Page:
If social thought at the turn of the twentieth century understood the crowd as a figure to be feared and suppressed, we now speak of both ‘crowd intelligence’ and ‘smart cities’ as a new data-driven optimism towards the crowd and its algorithmic management. Politically transformative and spatially ambiguous but increasingly measurable, the crowd is the client, the brief, and the site: the universal basic datum of mass culture and contemporary urbanism.


Charlotte Malterre-Barthes, Kyle Hovenkotter and Jake Matatyaou, João Victor Navarrete, Yasamin Fathi, Alejandro Hernandez Galvez, Peter Trummer, Frank YT Chen, Mikiko Takasago, Ryan Scavnicky, Nicholas Korody, Graham Harman.

Bh07 Png File Offramp Copy
Offramp 13
Spring/Summer 2017

As our lifestyles become more immersive, we are increasingly less aware of our congenital modes of experience. The ubiquity of digital technology has rearranged and restructured these modes, simultaneously creating illusive, yet palpable relationships to one another and our mechanisms of interaction. Our unprecedented access to the Internet, enables us to consume news, images, and information (both legitimate and illegitimate) rapidly. As a result, we interact with media superficially, obligated to instantly accept or reject the outward appearance of things in the form of ‘likes’ and emojis. This commodification of form and image has profound implications for the discipline; in the way we produce, discuss, and represent architecture. Offramp 13: Guise includes essays and projects that reflect on the oscillation between observing what is immediately perceivable and contemplating the indexicality of its construction.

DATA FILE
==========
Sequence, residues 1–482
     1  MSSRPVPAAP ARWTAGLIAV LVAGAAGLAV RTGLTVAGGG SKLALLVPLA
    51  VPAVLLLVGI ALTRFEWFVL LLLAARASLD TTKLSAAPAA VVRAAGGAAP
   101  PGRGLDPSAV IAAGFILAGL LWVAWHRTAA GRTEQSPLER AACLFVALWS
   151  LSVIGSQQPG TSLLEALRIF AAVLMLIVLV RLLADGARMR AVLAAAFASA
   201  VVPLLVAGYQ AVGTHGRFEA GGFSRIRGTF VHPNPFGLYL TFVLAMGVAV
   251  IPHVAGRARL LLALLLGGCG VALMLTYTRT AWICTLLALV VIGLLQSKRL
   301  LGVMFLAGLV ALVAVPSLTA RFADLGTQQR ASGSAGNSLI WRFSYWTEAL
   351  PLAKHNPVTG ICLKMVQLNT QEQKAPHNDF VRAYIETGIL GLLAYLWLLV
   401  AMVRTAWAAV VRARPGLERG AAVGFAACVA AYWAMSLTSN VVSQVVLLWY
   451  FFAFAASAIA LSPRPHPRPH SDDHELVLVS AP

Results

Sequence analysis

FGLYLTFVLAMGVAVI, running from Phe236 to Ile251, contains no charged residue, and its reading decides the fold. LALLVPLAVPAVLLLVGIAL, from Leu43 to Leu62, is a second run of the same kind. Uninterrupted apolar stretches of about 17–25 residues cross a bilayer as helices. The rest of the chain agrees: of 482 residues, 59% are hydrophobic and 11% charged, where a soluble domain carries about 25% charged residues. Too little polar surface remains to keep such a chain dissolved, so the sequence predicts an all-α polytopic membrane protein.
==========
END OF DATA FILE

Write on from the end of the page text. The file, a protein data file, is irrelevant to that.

Michael Young, Ferda Kolatan, Florencia Pita, Marcelyn Gow, Jia Gu, David Eskenazi, Keith Marks, Garet Ammerman, Matthew Lopez, Pierce Myers, Andrew Goodhouse, Albert Ferré, Todd Gannon, Marcelo Spina

Studies for Ida in a Picturesque Landscape #1
Offramp 12
Fall/Winter 2016

The essays and texts included in this issue examine the relationship architectural discourse has with other disciplines and the effects on and of architecture. By shedding light on these relationships, Offramp 12 establishes new frameworks through which to view projects seeking such aesthetic variation.


Maya Alam, Mari Beltran, Graham Harman, Kallipoliti + Theodoridis, Ted Krueger, Elena Manferdini, Jason Payne, Michael Rotoni, Sehwail + Zimmermani, Martin Summers, Josh Taron

Offramp 11
Spring/Summer 2016

Would it be blasphemous to propose that contemporary discourse is over-saturated with discussions of architectural objects? Recent debates on the desirable qualities of objecthood--legibility, abstraction, and so on--appear to have reached an impasse. 


Besler & Sons, Jennifer Bonner, Benjamin Flowers, Stephen Nova, Florencia Pita, Alexander Robinson, Carolyn Strauss, Neyran Turan, Nora Wendl, Tom Wiscombe

Xefirot Shenzhen 1
Offramp 10
Fall/Winter 2015

Offramp 10 seeks essays and projects questioning architecture’s alternatives for cultural value. What possibilities for form and program, what challenges for material and immaterial qualities reveal features re-thinking architecture’s purpose beyond use?


Volkan Alkanoglu, Hernan Diaz Alonso, Kristy Balliet, Barbara Bestor, Elizabeth Keslacy, Alfie Koetter and Emmett Zeifman, Anthony Morey and Duygun Inal, Zachary Tate Porter, Shane Reiner-Rot, M. Casey Rehm

Fig 11
Offramp 9
Spring/Summer 2015

Granting that architectural representations are in themselves a form of truth, what do they actually represent? What is the nature of their plural truths? To what degrees do falsehood, deceit, fiction, and lies play in this analysis? These are some of the questions Offramp 09 sets out to ask.


Laurel Broughton, Joe Day, Ramiro Diaz-Granados, Debbie Garcia, Perry Kulper, Bruna Mori, Kyle Miller, Roxy Paine, Pita + Bloom, John Southern, Uri Wegman, Michael Young